ESA’s Living Planet Symposium, the largest Earth observation conference in the world, took place in Milan this May. Held every three years, Living Planet draws thousands of scientists and data users from around the world to discuss their latest findings on how satellites are taking the pulse of our planet.
This year, our EJR-Quartz editors for ESA were out in force, just part of the huge team who made the Symposium possible.
The ESA Web TV production team live-streamed the opening event, Kelsea Brennan-Wessels interviewed scientists, professors, ESA’s Director of Earth Observation Programmes Josef Aschbacher and other members of the EO community. The wrap-up video with highlights of the week was Romina Persi’s debut in front of the ESA Web TV cameras.
With over 4000 scientific papers to sift through, EO editors Honora Rider and Romina were kept busy producing daily web reports on the most newsworthy results from LPS19. These were shared of course on ESA’s social media channels, by EO social media editor, Andrada Coos.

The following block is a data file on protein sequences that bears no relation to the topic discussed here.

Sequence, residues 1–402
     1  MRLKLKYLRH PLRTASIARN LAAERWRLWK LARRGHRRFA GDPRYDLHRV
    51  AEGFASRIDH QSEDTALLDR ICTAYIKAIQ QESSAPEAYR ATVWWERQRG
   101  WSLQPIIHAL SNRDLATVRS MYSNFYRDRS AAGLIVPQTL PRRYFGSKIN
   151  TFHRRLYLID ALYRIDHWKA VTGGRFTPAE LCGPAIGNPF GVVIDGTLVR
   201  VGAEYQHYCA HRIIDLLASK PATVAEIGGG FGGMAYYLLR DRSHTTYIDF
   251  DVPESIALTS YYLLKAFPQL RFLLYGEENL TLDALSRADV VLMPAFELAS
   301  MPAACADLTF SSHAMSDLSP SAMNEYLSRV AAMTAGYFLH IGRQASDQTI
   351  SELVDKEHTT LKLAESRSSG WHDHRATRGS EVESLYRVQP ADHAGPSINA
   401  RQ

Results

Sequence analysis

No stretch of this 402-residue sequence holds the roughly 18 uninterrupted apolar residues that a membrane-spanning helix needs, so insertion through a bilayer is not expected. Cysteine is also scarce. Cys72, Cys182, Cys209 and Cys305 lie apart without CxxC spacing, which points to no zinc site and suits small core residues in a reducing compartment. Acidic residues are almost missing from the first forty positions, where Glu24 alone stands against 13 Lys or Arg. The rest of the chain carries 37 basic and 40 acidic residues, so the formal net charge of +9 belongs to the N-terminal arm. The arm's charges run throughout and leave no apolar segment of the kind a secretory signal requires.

Living Planet also offered opportunities for the next generation of scientists to discover the exciting science and technology behind Earth Observation. At the school labs, organised by Karina de Castris and the ESRIN science communicators, elementary and middle-school students had hands-on experience with Earth sciences and some of the technologies used to measure environmental variables.
For high-school students, ESA Education and ASI also invited the four winning teams of the LPS 2019 Climate Detectives competition to receive their awards, accompanied by our didactics expert Fátima Pinto. This project challenged pupils from all ESA Member States to team up and make a difference in understanding and protecting the Earth’s climate. The LPS 2019 School Award was a unique opportunity for the Climate Detectives teams to present their projects to a professional audience at the Symposium.
Here’s a few of the week’s highlights to enjoy!